UBC Theses and Dissertations
Attribution patterns of learning-disabled boys : correlates and implications Haqq, Donna Marie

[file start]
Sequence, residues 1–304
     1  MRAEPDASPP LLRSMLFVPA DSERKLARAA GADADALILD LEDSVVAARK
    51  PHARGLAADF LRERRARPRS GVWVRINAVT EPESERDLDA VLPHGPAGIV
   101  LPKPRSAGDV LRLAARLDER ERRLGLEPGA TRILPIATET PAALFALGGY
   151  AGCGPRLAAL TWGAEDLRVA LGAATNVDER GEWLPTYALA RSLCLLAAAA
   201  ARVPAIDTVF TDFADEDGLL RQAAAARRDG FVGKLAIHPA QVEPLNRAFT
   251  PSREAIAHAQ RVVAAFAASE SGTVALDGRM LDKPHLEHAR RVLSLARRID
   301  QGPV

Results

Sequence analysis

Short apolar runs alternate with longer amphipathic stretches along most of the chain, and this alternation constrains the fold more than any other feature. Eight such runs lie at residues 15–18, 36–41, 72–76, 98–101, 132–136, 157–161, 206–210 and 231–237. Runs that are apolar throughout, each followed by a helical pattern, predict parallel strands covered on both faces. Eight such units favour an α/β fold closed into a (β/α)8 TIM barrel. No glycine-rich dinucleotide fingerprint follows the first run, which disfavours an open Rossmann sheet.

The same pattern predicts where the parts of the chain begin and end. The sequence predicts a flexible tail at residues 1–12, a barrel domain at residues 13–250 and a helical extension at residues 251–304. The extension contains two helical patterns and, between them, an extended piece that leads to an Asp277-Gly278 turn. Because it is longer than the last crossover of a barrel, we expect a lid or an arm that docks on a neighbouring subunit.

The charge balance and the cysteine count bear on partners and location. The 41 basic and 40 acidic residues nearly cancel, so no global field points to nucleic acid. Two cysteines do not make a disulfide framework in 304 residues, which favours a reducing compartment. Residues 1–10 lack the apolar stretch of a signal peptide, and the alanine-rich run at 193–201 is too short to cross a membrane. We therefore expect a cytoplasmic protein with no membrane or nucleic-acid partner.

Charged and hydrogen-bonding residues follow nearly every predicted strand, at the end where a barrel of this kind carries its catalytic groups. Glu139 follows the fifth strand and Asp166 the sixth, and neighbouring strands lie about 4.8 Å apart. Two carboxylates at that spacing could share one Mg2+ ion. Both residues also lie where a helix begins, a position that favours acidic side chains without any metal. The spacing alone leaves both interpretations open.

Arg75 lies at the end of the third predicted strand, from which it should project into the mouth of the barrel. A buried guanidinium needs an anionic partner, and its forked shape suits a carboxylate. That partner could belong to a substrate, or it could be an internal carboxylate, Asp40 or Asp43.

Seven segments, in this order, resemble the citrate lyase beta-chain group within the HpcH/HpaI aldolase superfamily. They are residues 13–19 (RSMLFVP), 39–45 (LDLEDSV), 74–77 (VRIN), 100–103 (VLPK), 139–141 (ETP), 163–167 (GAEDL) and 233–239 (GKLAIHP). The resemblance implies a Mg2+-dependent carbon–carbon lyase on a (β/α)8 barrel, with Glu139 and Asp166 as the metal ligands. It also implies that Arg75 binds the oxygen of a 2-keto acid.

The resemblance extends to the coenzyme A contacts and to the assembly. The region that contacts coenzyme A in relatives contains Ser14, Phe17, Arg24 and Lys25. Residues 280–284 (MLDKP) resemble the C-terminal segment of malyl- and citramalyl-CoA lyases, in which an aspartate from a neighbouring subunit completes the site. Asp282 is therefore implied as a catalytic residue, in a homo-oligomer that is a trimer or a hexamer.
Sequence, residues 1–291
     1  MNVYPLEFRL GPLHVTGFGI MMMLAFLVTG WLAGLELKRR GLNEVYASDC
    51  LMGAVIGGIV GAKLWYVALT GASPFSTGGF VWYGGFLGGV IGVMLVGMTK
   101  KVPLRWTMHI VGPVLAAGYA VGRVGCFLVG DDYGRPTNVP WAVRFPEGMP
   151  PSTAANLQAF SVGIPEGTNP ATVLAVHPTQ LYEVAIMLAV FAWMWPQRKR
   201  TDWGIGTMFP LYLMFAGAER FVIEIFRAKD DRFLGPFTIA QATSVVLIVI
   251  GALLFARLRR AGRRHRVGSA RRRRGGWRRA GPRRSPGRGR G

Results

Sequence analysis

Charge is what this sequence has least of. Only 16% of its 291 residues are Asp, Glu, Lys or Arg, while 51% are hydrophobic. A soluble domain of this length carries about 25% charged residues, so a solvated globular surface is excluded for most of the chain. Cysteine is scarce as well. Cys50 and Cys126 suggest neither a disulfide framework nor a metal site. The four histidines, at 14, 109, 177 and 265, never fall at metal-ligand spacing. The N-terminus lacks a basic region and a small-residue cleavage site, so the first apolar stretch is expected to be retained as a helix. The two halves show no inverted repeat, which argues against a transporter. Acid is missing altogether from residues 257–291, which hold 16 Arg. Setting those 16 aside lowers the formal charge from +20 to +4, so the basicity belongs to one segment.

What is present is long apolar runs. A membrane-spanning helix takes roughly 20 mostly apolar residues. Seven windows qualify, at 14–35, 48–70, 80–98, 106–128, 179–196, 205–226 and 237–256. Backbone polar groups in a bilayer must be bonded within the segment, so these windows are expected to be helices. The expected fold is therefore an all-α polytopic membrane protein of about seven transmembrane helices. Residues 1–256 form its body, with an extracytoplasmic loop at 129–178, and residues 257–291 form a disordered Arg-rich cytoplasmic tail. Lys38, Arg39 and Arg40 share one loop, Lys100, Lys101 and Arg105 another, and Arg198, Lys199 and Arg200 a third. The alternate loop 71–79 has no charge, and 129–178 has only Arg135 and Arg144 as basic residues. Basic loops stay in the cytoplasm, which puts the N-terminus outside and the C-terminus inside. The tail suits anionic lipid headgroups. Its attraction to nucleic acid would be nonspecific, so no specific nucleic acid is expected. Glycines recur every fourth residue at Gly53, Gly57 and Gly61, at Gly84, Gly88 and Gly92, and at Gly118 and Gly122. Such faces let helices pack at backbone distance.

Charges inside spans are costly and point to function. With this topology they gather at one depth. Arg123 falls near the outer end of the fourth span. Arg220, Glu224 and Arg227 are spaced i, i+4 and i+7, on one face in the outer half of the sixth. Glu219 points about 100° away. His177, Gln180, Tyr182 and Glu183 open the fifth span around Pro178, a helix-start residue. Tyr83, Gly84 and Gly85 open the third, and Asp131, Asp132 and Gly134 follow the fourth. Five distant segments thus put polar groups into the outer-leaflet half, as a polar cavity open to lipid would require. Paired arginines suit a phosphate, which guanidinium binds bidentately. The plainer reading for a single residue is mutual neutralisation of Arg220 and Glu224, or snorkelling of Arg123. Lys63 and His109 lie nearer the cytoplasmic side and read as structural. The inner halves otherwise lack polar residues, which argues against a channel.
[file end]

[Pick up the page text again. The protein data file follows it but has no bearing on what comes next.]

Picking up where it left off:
Using interview techniques, researchers have shown that learning disabled children have maladaptive causal attributions for success and failure. In this study, which involved both interviews and an experimental manipulation, attributions of 30 learning disabled (LD) and 38 normally achieving (NLD) boys, 9-12 years, were compared. On a pre-experimental task questionnaire for "academic success," LD boys gave greater attributions to "luck" and to "task ease." On a pre-task questionnaire for "academic failure," both LD and NLD boys ascribed similar levels of causality to "bad luck," "task difficulty," and "lack of ability." However, NLD boys were more willing to attribute academic failure to their own lack of effort. After an experimental manipulation varying task difficulty, there were no group effects. Both LD and NLD boys attributed greater causality to "effort" and "ability" in the "easy" condi ti on. While there were no changes in scores (pre-, versus post-experimental task) on six cognitive measures, LD and NLD performances were significantly different on all six measures, especially on Serial Recall (LDs poorer in sequential processing) and on Color Naming (LDs slower in speed of processing). There were no pre-task group differences on expectancy for "self," but after the experimental manipulation the LD boys expected to do better, overall, and both LD and NLD boys had higher self-expectancy in the easy condition. There were no group differences on expectancy for "other," pre-task, but, after the experimental task, the LD group had higher expectancy for "another boy," and both groups had higher expectancy for "other" in the easy condition. Using Achenbach's Child Behavior Checklist, LD boys were found to be less competent, socially and scholastically, and more depressed, hyperactive, obsessive/compulsive, aggressive, and delinquent. Despite these LD/NLD differences, the LD boys were better than a clinically referred group (except for lower school competence). The NLD group was comparable to a non-clinic norm group (except for higher school competence). Implications of this research led to recommendations for attribution retraining, both ascriptions of failures to lack of effort or ineffective strategies, and ascription of successes to good effort and ability.
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